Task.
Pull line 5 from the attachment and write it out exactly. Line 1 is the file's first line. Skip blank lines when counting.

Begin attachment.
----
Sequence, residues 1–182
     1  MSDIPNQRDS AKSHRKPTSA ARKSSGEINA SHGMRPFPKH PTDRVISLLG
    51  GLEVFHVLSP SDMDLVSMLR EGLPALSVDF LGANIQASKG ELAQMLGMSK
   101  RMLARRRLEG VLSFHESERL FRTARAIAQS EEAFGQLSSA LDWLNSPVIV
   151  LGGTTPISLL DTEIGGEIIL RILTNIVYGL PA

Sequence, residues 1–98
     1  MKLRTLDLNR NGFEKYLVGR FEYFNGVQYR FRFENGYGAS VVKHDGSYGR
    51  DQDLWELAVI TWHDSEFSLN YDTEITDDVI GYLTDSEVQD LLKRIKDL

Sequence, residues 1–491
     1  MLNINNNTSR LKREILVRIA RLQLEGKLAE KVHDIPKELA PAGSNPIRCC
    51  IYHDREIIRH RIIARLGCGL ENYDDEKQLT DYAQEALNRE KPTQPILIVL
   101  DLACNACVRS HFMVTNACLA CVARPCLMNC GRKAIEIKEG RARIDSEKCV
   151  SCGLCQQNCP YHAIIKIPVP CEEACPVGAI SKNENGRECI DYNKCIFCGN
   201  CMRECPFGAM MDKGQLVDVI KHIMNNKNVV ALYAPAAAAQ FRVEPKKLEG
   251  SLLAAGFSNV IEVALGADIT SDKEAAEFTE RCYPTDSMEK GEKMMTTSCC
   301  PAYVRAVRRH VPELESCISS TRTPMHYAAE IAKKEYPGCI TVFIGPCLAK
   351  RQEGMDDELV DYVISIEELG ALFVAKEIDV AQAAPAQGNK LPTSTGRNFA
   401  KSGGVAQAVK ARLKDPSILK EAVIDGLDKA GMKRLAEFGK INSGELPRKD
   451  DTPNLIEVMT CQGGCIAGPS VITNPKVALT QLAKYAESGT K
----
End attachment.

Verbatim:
   151  LGGTTPISLL DTEIGGEIIL RILTNIVYGL PA